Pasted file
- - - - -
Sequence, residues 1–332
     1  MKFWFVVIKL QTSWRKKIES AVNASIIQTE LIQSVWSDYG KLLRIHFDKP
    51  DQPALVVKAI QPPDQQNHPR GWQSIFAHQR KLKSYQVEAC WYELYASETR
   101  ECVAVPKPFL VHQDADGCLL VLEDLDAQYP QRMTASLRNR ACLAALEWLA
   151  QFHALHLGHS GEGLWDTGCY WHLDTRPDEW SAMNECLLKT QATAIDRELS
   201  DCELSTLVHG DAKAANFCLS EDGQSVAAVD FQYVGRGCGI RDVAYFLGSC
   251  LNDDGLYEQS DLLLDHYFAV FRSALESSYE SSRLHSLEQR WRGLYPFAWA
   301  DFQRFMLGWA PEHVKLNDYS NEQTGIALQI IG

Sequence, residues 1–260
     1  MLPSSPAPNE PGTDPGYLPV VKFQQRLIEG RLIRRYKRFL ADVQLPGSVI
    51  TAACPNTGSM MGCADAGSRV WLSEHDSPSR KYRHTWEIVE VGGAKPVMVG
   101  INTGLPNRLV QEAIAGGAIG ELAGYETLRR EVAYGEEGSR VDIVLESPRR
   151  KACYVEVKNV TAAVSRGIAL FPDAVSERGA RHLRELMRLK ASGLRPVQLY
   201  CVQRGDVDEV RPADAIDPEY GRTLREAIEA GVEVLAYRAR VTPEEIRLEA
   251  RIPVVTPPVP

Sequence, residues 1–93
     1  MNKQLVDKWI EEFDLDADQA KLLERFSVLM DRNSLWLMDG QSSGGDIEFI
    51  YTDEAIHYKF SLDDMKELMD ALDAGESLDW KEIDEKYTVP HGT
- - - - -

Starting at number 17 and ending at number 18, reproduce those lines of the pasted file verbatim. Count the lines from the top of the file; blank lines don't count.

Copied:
     1  MNKQLVDKWI EEFDLDADQA KLLERFSVLM DRNSLWLMDG QSSGGDIEFI
    51  YTDEAIHYKF SLDDMKELMD ALDAGESLDW KEIDEKYTVP HGT